Irritable bowel syndrome (IBS) is a condition that affects the gastrointestinal tract, including the stomach and the small and large intestines. Between 25 and 45 million people in the United States suffer with IBS. Most are younger than 50, and two-thirds are female.
While the cause is unknown, it is believed that IBS symptoms may result from dysfunction in how the immune system, gut, brain and nervous system interact. Flare ups, as they're called, are often triggered by stress or infectious diarrhea, or by ingestion of caffeine, specific foods, artificial sugars and other chemical food additives.
With each IBS flare up, your gastrointestinal tract becomes increasingly sensitive to your triggers. In that way, IBS clearly changes your normal bowel function, so it's essential to bring the condition under control early on. Unfortunately, most IBS sufferers don't seek medical intervention until years after the condition has surfaced.
IBS symptoms can often be controlled through diet and lifestyle interventions. Plus, there are emerging treatments that can have powerful results.
If you have IBS, you may struggle with any of these symptoms or a combination of them:
The impact of IBS symptoms can range from severe debilitation at its worst to occasional inconvenience in mild cases.
The unpredictability of the flare-ups is one of the most difficult aspects of the disease. People who suffer from moderate to severe IBS experience symptoms serious enough to impair their emotional, social, professional and economic well-being.
There is no definitive test for the diagnosis of Irritable Bowel Syndrome; rather, it's a matter of ruling out symptoms and test results of other suspected conditions.
Untangling the complex symptoms and causes of gastrointestinal issues is not a simple process. For instance, the connection between IBS and autoimmune diseases. Irritable bowel syndrome is not considered an autoimmune disease, but rather a functional bowel disorder. There are, however, specific autoimmune conditions that produce symptoms similar to IBS - and yes, you can have IBS at the same time you are suffering from a totally separate autoimmune disease. It's believed that some type of as yet unidentified immune system malfunction may be involved in the development of IBS.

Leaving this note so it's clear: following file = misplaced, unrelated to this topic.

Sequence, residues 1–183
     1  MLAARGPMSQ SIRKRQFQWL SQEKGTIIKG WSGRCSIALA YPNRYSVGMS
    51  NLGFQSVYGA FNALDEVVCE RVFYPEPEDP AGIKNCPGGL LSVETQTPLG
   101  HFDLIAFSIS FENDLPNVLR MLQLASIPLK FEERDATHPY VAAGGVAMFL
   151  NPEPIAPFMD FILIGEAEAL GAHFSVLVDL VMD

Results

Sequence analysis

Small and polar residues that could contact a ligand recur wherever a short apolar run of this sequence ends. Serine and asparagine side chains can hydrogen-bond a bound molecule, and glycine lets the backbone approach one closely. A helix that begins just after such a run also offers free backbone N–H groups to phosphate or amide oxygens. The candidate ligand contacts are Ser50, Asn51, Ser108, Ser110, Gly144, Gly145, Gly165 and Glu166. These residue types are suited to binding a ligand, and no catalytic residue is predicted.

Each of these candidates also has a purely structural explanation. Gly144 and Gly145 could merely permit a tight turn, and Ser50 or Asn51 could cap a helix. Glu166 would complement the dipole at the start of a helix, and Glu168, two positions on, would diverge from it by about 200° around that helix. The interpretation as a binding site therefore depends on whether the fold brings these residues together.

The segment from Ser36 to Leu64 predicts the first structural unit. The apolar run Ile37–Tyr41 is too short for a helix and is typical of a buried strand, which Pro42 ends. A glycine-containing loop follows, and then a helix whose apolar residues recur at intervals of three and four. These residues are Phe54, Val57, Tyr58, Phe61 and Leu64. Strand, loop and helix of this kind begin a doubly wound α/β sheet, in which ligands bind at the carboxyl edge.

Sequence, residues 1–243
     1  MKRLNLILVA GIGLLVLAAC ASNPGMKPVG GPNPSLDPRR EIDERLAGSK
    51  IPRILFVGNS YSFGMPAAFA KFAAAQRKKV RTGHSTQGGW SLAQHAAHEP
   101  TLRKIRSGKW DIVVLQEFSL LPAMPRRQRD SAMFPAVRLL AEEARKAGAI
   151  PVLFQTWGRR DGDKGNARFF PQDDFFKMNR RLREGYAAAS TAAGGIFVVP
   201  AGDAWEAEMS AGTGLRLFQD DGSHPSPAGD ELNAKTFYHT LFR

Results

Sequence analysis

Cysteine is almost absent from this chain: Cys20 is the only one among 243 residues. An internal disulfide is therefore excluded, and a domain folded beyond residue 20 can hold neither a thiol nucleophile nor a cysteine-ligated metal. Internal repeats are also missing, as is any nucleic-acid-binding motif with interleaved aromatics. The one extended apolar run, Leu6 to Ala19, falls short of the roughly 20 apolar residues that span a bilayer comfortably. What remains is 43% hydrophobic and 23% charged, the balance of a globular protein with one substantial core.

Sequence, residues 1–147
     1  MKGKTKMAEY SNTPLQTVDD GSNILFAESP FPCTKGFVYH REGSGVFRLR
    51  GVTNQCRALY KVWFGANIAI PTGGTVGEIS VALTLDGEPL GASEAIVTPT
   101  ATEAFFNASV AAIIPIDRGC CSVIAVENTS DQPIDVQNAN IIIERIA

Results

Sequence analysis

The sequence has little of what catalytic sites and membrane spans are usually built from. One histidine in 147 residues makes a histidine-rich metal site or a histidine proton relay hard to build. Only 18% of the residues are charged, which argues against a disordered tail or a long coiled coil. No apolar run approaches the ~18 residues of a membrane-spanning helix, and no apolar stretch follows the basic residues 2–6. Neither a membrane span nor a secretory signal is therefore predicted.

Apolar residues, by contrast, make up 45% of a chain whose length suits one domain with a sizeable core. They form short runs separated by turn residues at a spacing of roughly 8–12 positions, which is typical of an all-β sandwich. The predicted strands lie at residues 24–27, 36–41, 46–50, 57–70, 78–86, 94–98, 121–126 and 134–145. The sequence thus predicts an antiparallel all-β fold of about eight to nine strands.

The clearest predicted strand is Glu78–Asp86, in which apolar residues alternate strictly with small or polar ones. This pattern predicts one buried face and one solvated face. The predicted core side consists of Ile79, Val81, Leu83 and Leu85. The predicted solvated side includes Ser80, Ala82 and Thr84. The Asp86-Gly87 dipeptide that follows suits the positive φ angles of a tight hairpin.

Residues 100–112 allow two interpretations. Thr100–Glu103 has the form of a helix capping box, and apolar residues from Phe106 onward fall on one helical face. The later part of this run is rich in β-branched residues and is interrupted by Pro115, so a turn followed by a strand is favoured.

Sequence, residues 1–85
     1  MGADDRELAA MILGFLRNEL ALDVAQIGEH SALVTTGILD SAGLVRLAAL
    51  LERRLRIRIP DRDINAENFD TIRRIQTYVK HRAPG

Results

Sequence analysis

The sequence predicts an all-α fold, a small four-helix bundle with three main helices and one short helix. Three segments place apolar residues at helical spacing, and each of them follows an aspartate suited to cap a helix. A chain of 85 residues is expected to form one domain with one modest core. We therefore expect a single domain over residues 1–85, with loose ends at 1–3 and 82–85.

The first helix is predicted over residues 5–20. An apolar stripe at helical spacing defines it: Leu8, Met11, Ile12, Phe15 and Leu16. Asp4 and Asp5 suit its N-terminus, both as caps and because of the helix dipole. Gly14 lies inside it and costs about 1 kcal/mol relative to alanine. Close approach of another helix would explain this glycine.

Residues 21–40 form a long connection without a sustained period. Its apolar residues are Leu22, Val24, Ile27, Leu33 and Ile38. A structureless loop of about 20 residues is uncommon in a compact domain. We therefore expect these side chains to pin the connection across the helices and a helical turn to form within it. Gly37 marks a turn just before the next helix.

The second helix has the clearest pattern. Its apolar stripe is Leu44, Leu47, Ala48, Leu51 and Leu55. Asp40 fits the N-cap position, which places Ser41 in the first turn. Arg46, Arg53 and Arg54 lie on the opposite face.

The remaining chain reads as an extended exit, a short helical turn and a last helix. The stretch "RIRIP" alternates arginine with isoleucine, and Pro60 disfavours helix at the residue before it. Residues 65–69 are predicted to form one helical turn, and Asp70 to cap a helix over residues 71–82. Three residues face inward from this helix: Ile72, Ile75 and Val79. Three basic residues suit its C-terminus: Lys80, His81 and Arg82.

We will test for all relevant conditions and target each cause with the appropriate treatments until your symptoms have been resolved.
Your bowel function is unique to you. Along with the genes you inherited, a lifetime of nutritional choices, exercise regimens and assorted health conditions has led to the current state of your digestive health.
To accomplish long term bowel and digestive health, we tap all treatment options, from medication and supplementation, to medical nutrition protocols and lifestyle management, as well as more novel treatment protocols that have been developed.
Our goal is to achieve your optimal bowel function, using a customized variety of the following treatment tools:
Healthy movement and exercise, along with a medical nutrition plan for IBS support, and lifestyle modification specific to your symptoms and co-existing diagnoses, can all be essential in overcoming IBS.
Many conventionally trained doctors will warn you that IBS is a chronic condition that you'll need to manage for the rest of your life. However, we have seen our patients resolve IBS issues completely because we test and target all root causes that are causing each patient's unique gastrointestinal condition.
Gather your IBS symptom checklist, together with your treatment questions or requests - and we'll put together a customized plan to treat the root causes of your IBS until your gastrointestinal system is functioning optimally! Call One Agora Health at (952) 234-5898 or contact us online today.
One Agora Integrative Health Clinic
9220 James Ave S.
Bloomington, MN 55431
Phone: (952) 234-5898